Federal Magistrate Judge Recommends Rescission of Policies

In the recent case of Union Mut. Fire Ins. Co. v. 142 Driggs LLC, 2023 U.S. Dist. LEXIS 220393, Magistrate Judge Lois Bloom of the United States District Court for the Eastern District of New York recommended granting the insurer's default judgment and holding that of three policies issued to 142 Driggs LLC ("Driggs") be rescinded ab initio.

Driggs had represented on its insurance applications that it did not provide parking to anyone other than itself, tenants, and its guests at the subject insured premises. However, Union Mutual learned that Driggs had been renting out three garages to non-tenants. Second, Driggs represented that the mercantile square footage was around 1,000 square feet, when in actuality, it was larger than allowed under the policies.

Union Mutual provided underwriting guidelines in connection with its default motion, which state that "parking provided for anyone other than the insured, tenants and their guests," presents an "unacceptable risk." The guidelines also state that answering yes to any "preliminary application questions (which presumably included those regarding mercantile square footage and parking) is an "unacceptable risk." The court held that these guidelines supported a finding that Driggs made material misrepresentation and that Union Mutual relied on these misrepresentations in issuing the policies. The court, as such, recommended that the policies at issue be rescinded from inception.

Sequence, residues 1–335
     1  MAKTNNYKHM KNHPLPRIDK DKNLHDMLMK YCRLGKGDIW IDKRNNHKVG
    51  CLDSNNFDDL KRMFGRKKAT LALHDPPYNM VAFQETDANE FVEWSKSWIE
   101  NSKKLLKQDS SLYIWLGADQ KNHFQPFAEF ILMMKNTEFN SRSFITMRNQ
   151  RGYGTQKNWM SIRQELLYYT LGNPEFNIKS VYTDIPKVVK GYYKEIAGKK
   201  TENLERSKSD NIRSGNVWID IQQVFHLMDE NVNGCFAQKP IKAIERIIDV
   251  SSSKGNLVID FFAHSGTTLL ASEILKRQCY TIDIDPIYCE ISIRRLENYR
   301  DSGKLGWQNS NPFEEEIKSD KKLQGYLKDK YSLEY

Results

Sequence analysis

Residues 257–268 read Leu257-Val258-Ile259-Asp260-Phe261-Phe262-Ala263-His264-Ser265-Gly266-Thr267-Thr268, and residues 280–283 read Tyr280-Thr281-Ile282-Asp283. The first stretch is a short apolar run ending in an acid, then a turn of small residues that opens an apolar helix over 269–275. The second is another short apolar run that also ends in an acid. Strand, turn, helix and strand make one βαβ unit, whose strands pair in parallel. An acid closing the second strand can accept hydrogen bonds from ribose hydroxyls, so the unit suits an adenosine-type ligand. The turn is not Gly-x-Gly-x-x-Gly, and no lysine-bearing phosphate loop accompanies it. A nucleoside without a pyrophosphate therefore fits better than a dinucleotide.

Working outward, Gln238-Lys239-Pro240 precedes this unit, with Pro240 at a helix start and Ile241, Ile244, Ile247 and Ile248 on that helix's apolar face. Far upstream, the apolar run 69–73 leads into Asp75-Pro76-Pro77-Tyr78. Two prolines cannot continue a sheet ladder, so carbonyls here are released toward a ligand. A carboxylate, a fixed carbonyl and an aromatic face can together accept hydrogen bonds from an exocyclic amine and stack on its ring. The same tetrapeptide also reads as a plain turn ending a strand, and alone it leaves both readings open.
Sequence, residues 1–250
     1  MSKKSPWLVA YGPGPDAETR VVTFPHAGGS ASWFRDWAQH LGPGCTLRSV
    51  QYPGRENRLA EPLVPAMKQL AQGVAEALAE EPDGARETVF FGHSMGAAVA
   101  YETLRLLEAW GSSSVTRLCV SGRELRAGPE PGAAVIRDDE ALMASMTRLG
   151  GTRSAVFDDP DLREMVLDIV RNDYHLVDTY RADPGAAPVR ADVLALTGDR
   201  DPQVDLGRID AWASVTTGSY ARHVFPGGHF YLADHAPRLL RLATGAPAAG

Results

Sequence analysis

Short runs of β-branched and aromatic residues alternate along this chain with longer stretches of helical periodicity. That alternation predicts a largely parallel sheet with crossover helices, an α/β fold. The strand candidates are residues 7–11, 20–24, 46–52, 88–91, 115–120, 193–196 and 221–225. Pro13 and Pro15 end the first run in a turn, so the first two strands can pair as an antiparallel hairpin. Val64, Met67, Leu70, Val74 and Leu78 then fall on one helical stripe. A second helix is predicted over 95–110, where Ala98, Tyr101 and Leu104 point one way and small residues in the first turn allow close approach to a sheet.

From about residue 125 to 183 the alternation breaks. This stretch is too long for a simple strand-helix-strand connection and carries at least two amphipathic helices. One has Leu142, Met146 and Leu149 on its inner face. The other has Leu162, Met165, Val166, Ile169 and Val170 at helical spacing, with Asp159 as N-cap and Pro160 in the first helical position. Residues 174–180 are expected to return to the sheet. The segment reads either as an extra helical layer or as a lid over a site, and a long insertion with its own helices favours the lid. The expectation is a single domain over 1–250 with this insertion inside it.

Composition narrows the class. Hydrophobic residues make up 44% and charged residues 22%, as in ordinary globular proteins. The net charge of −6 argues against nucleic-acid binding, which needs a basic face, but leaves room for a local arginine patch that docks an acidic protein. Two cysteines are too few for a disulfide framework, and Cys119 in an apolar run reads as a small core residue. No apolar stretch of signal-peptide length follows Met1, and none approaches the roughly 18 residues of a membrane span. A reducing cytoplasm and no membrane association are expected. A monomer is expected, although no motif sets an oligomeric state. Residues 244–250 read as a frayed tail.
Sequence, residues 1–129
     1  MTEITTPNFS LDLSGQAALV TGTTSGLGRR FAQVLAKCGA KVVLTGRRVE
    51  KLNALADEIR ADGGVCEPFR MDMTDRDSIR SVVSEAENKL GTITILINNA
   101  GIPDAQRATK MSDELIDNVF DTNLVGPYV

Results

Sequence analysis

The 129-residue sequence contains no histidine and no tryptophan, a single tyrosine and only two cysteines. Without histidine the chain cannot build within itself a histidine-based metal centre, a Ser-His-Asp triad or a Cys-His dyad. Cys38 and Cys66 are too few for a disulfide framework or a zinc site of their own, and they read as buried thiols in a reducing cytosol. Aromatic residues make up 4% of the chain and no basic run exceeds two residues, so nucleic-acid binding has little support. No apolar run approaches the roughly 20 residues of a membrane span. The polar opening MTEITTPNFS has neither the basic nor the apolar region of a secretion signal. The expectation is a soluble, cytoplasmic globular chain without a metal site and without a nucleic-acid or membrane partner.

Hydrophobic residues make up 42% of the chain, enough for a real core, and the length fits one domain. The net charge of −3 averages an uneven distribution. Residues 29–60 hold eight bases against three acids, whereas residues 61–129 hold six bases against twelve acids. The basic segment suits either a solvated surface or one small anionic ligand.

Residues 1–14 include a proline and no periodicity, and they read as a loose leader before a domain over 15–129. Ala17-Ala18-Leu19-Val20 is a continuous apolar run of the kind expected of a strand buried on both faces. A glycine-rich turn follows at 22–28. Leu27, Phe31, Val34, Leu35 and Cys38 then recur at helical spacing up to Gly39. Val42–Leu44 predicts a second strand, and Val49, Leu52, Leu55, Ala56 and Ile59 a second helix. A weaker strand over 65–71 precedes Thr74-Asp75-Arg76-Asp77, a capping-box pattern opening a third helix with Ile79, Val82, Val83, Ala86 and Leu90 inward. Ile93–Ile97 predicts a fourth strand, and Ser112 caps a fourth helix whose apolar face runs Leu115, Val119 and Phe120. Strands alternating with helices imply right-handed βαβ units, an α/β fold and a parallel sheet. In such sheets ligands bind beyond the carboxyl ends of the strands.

This case illustrates the importance of underwriting guidelines to support a misrepresentation case. Chicago Ins. Co. v. Kreitzer & Vogelman, 2000 U.S. Dist. LEXIS 80, *22 ("It is well settled that the conclusory affidavit of an underwriter is not sufficient, standing alone, to establish materiality as a matter of law, and supporting documentation such as underwriting manuals, rules, or bulletins is typically required.").

One final note: the court also reviewed the terms of the policy and held that Union Mutual did not owe coverage for an underlying lawsuit due to the classifications and designated premises limitations in one of the Union Mutual policies. It appears that this review is unnecessary in light of the recommendation to void the policies from their inception, but this analysis may have been included in the event that the Article III judge does not adopt the Magistrate's recommendation in full.

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